The Trump administration is back at the Supreme Court, asking the justices to continue to allow strict enforcement of a temporary ban on refugees from around the world.
The Justice Department's high court filing today follows an appeals court ruling last week that would allow refugees to enter the United States if a resettlement agency in the US had agreed to take them in.
The appellate ruling could take effect as soon as tomorrow and could apply to up to 24,000 refugees.
The administration is not challenging the part of the ruling that applies to a temporary ban on visitors from six mostly Muslim countries.
The appeals court ruled that grandparents and cousins of people already in the US can't be excluded from the country under the travel ban.
The Supreme Court already has weighed in twice on lower court rulings striking down or limiting the travel and refugee bans, though it has to rule on their validity.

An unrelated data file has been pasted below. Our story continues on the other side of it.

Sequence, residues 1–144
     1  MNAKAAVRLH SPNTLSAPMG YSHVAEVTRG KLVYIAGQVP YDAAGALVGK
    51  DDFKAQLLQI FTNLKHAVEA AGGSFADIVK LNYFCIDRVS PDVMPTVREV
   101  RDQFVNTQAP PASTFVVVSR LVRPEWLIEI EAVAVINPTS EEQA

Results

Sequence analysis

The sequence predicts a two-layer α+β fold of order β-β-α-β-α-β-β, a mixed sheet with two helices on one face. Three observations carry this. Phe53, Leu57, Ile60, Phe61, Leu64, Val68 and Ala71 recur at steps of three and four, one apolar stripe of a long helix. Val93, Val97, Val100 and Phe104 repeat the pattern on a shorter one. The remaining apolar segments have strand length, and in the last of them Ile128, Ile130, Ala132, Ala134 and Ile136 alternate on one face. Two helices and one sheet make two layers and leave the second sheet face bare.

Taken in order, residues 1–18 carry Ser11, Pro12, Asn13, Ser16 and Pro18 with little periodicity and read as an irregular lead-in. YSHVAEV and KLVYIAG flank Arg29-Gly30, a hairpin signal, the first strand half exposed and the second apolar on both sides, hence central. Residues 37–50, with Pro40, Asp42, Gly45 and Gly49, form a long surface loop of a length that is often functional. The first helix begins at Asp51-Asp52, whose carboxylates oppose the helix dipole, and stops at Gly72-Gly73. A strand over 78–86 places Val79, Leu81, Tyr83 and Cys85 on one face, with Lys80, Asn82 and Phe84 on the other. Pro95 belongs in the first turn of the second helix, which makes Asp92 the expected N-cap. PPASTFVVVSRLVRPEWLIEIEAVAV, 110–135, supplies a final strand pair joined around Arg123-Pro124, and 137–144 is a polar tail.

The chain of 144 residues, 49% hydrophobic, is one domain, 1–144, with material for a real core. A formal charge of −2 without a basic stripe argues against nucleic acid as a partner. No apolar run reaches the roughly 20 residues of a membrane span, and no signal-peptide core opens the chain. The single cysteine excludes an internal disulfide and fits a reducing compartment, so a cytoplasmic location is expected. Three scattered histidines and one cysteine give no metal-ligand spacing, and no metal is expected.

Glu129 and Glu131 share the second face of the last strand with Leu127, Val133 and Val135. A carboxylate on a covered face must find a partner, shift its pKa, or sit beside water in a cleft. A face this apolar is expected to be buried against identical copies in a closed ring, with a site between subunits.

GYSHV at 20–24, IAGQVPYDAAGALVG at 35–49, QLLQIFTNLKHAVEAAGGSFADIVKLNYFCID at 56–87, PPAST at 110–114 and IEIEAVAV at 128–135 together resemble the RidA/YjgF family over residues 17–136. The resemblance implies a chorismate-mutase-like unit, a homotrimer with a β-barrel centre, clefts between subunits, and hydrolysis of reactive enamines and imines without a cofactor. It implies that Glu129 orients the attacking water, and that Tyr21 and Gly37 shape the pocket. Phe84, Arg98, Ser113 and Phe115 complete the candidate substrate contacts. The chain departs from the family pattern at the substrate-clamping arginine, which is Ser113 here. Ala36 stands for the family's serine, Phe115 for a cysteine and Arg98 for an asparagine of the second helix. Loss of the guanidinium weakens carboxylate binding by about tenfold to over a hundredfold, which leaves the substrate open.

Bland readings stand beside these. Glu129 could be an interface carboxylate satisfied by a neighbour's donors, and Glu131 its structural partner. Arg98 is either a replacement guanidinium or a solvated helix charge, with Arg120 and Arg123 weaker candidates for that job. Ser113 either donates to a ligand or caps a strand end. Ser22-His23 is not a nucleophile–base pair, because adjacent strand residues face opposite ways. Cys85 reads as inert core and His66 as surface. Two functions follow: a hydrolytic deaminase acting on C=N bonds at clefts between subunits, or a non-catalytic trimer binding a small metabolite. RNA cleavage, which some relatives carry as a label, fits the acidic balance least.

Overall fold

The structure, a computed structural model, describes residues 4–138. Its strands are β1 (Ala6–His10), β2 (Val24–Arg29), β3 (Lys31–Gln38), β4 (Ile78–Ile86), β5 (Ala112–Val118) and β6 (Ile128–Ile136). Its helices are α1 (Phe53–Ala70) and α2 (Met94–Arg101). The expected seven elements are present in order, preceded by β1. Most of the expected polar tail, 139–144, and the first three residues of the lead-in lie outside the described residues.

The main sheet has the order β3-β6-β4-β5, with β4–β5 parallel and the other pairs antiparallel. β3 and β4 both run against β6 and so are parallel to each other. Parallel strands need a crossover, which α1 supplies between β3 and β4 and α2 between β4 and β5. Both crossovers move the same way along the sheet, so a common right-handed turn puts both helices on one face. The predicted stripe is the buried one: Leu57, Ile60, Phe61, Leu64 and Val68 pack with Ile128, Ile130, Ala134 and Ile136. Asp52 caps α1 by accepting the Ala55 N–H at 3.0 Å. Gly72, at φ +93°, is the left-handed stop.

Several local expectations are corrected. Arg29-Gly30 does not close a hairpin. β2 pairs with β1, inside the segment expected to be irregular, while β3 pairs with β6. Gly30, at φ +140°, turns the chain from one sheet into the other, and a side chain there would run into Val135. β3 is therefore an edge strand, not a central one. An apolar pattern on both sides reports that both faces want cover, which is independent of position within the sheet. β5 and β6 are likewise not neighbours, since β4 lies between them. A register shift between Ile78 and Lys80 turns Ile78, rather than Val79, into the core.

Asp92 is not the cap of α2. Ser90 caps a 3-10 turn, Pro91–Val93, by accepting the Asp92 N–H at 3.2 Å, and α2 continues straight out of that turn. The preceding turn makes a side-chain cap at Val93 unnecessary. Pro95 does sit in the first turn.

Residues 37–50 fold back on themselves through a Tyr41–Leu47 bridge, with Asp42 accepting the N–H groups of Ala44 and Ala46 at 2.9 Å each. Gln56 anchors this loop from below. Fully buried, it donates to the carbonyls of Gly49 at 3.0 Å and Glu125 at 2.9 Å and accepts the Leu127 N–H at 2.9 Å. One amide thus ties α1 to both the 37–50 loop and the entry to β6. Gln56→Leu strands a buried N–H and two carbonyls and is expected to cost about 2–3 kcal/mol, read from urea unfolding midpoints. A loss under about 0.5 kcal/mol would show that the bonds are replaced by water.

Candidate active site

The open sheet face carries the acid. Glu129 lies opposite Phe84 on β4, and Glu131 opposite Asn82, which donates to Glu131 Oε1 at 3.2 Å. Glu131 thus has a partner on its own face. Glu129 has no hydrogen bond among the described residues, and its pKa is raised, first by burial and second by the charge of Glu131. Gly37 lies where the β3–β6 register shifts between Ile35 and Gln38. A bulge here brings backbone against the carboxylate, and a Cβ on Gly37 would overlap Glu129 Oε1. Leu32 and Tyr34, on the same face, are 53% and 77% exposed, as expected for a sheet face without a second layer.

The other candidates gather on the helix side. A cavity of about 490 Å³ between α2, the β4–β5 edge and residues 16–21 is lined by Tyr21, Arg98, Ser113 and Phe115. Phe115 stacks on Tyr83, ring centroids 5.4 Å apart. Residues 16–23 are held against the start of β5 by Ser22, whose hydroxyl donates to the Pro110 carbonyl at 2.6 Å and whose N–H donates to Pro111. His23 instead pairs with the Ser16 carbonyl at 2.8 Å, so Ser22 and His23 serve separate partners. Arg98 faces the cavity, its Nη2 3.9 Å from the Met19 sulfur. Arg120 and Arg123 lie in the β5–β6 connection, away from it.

In June, the high court said the administration could not enforce the bans against people who have a "bona fide" relationship with people or entities in the United States.
The justices declined to define the required relationships more precisely.
In July, the justices issued an order that temporarily allowed strict enforcement of the exclusion of refugees. But the Supreme Court refused to go along with the administration's view that it could keep out grandparents, cousins and some other family members.
The 90-day travel ban affects visitors from Iran, Libya, Somalia, Sudan, Syria and Yemen.
The high court is scheduled to hear arguments about the legality of the travel and refugee bans in October. By that point, the original 90-day travel ban will have lapsed and the 120-day refugee ban will have just a few weeks to run.
The administration has yet to say whether it plans to renew the exclusions, expand them or make them permanent.
The administration told the court today said that changing the way it enforces the policy on refugees would allow "admission of refugees who have no connection to the United States independent of the refugee-admission process itself.
(This story has not been edited by Business Standard staff and is auto-generated from a syndicated feed.)